Driftwood patterns: Spalting pattern on driftwood from Lyme Regis, Dorset, UK - part of the Jurassic Coast (1) 

You get massive tree trunks washed up at Monmouth Beach, Lyme Regis, Dorset. I discovered these patterns on the waterlogged timber of just such a huge piece of driftwood. The prolonged immersion in seawater had waterlogged the wood and the natural colours were enhanced by the wetness, The bark was mostly peeled away. The texture of the underlying wood was smooth. The combination of pores, grain, and black lines caused by the spalting fungal infection, made the trunk and branches look like weirdly stiffened limbs covered with abstract tatoos.

Natural botanical abstract patterns: Spalting pattern on driftwood from Lyme Regis, Dorset, UK - part of the Jurassic Coast (2)

Spalted driftwood: Spalting pattern on driftwood from Lyme Regis, Dorset, UK - part of the Jurassic Coast (3)

Patterns in nature: Spalting pattern on driftwood from Lyme Regis, Dorset, UK - part of the Jurassic Coast (4) 

Revision of a post first published 11 October 2009


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10 Replies to “Spalted driftwood from Lyme Regis”

  1. No way! I sanded the muck off bit of driftwood i found at lyme regis this summer, to find it was spalted! I googled spalted driftwood and this was the top result! Exactly where i got mine from! Thats too cool.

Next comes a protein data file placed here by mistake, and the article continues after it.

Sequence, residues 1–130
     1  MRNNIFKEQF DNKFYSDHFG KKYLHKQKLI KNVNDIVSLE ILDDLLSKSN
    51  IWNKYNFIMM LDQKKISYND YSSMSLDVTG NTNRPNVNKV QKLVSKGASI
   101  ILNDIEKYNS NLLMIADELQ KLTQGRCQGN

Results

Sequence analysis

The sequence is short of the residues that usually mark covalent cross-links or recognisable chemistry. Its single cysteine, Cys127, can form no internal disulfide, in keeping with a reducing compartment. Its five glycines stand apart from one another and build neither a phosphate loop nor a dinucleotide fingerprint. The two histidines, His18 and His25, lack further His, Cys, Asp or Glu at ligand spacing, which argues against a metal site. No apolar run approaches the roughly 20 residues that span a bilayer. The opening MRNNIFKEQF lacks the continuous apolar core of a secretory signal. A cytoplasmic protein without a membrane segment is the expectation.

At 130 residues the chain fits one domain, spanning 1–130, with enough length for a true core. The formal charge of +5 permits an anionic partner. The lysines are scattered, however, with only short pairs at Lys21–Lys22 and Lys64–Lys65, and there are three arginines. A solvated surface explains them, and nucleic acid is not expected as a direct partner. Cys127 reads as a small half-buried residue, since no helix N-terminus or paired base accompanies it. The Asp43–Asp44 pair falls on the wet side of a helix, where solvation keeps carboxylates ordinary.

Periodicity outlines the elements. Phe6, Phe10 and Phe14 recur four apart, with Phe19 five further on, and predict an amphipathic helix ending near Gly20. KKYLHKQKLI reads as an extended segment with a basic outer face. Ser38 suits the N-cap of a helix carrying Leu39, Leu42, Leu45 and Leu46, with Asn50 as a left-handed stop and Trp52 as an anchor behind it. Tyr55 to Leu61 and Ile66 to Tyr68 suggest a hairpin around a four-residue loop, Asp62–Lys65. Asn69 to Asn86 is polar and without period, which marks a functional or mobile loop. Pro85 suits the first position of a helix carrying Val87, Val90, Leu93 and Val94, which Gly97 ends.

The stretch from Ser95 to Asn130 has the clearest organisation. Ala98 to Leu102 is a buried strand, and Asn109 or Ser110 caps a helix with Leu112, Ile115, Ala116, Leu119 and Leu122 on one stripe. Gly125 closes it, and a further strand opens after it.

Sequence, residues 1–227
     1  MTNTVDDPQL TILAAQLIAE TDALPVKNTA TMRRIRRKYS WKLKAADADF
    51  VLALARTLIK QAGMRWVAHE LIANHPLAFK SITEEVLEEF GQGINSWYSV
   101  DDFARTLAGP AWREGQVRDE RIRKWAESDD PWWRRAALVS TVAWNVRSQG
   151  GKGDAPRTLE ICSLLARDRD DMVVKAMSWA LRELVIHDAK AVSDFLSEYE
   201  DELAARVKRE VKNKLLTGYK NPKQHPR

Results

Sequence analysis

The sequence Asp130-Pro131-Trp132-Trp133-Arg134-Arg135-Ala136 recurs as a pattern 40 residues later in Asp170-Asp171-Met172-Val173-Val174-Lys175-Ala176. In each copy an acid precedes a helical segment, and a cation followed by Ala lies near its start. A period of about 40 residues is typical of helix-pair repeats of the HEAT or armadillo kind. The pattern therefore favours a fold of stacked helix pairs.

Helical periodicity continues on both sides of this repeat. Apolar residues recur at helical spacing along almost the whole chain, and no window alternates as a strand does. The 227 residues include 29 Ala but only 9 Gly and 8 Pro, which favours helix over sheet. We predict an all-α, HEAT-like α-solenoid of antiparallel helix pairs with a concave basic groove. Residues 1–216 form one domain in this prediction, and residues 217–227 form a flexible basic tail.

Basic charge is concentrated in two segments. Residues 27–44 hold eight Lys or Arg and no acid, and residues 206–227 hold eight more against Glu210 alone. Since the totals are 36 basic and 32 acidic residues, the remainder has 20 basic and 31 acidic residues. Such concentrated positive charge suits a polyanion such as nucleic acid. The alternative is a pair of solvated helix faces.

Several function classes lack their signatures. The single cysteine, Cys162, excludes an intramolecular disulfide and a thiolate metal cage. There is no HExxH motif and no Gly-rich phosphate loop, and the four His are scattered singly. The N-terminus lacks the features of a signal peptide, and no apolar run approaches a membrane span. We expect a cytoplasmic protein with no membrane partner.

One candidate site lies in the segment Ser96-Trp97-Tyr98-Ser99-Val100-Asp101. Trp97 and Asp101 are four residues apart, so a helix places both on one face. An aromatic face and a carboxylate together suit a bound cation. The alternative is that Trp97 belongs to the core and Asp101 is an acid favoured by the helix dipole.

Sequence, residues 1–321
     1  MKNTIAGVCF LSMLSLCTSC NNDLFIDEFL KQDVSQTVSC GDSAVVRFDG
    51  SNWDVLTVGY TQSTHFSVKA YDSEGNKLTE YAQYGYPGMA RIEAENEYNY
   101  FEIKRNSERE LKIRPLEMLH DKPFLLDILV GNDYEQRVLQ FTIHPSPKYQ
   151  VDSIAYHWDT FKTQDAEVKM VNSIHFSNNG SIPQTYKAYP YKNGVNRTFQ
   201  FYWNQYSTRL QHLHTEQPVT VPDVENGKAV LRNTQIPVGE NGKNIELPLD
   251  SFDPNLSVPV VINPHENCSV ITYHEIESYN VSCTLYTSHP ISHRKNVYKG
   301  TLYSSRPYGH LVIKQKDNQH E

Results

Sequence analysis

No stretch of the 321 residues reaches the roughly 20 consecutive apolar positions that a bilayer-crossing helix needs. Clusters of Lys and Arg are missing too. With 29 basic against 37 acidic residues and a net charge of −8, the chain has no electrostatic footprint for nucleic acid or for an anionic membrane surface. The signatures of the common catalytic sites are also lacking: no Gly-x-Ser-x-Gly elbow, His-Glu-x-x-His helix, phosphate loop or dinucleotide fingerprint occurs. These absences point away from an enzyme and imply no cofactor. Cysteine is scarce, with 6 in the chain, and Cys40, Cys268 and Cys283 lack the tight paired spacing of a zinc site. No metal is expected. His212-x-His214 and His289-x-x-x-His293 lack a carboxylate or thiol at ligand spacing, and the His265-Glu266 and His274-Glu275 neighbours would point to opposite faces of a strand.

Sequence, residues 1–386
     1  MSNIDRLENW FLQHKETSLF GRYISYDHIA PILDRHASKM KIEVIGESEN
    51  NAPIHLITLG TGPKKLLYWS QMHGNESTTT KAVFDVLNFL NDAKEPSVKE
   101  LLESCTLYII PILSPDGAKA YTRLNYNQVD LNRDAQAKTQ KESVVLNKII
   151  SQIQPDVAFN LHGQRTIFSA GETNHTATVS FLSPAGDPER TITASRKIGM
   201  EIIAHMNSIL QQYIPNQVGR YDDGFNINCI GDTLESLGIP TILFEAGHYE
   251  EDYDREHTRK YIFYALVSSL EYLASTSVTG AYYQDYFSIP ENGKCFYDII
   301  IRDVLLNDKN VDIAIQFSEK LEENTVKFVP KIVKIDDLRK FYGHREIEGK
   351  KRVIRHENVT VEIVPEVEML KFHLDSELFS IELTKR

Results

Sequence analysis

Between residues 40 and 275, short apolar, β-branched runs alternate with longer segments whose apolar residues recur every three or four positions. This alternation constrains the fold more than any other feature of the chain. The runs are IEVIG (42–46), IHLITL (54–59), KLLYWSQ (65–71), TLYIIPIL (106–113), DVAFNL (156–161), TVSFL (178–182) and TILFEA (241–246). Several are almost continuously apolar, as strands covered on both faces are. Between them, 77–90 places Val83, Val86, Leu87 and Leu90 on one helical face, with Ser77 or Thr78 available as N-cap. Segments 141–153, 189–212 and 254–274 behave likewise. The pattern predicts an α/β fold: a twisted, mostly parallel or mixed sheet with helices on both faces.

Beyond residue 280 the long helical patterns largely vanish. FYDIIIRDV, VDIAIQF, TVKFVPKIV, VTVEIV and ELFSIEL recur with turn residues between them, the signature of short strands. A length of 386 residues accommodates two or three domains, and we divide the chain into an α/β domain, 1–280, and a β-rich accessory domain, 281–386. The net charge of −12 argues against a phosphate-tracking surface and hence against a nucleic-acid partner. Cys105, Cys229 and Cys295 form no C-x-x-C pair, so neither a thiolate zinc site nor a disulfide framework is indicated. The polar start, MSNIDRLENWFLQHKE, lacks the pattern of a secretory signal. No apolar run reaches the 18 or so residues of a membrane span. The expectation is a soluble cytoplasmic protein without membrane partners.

2. Hi , Jessica, really pleased I found this blog. The driftwood on Lyme Regis beach is just wonderful , so much of it is oak, and I’ve turned amazing bowls from massive lumps from the storms a few years back. Pretty sure it had been on the sea bed as many 15mm worm bore holes throughout.
    I have been trying to find out where all the oak on the beach most likely comes from , but I can’t find anything on uk currents and driftwood. Just wondered if you have any ideas?
    Cheers Steve


  3. Hello, Steve
    Yes, Lyme Regis seems to get some wonderful driftwood, often whole trees and root systems. Unfortunately I do not have any idea where they come from. There are many areas of land slip with trees along the Dorset and Devon coastline but I do not personally know any location where these huge mature (oak) trees are falling in the water. Could they come from across the Channel do you think? Sorry I can’t be of any help but good luck with your search and with the wood turning.


  4. An update ……. Now thinking even further than from across the channel!
    I have now studied the actual species of oak by looking at end grain characteristics, vessel and parenchyma distribution. the are definitely not european. they seem to be a variety known Quercus virginiana, also known as the southern live oak, its an evergreen oak tree native to the southeastern United States. Many photos of beaches there looking very similar to Lyme.
    So it seems the Gulf stream carry them to our shores. Can i add photos on here ? I have some end grain pics to clarify this .


  5. Here is a selection of the photographs you sent, Steve. The chalk-lined holes were made by shipworms (Toredo navalis) which are not really worms at all but burrowing bivalve molluscs.

    It would be interesting to hear what other readers think about the origin of the driftwood oak trees that wash up at Lyme Regis in Dorset.


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